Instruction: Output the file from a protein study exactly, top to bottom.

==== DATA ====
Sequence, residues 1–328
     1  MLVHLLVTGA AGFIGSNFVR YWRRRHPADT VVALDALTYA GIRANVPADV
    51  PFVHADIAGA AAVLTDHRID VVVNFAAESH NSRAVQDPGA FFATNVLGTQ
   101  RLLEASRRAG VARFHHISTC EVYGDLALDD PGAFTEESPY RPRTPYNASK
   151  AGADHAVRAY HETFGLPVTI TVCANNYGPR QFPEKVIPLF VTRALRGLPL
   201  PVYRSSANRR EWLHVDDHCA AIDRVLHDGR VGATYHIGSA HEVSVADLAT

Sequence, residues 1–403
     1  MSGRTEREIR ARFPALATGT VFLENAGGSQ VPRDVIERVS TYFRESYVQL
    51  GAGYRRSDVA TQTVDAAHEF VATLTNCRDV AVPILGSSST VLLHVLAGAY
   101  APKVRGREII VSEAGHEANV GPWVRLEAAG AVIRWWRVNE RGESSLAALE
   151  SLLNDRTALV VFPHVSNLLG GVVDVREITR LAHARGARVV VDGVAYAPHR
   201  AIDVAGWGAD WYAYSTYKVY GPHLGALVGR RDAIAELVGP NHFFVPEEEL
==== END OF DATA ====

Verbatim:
Sequence, residues 1–328
     1  MLVHLLVTGA AGFIGSNFVR YWRRRHPADT VVALDALTYA GIRANVPADV
    51  PFVHADIAGA AAVLTDHRID VVVNFAAESH NSRAVQDPGA FFATNVLGTQ
   101  RLLEASRRAG VARFHHISTC EVYGDLALDD PGAFTEESPY RPRTPYNASK
   151  AGADHAVRAY HETFGLPVTI TVCANNYGPR QFPEKVIPLF VTRALRGLPL
   201  PVYRSSANRR EWLHVDDHCA AIDRVLHDGR VGATYHIGSA HEVSVADLAT

Sequence, residues 1–403
     1  MSGRTEREIR ARFPALATGT VFLENAGGSQ VPRDVIERVS TYFRESYVQL
    51  GAGYRRSDVA TQTVDAAHEF VATLTNCRDV AVPILGSSST VLLHVLAGAY
   101  APKVRGREII VSEAGHEANV GPWVRLEAAG AVIRWWRVNE RGESSLAALE
   151  SLLNDRTALV VFPHVSNLLG GVVDVREITR LAHARGARVV VDGVAYAPHR
   201  AIDVAGWGAD WYAYSTYKVY GPHLGALVGR RDAIAELVGP NHFFVPEEEL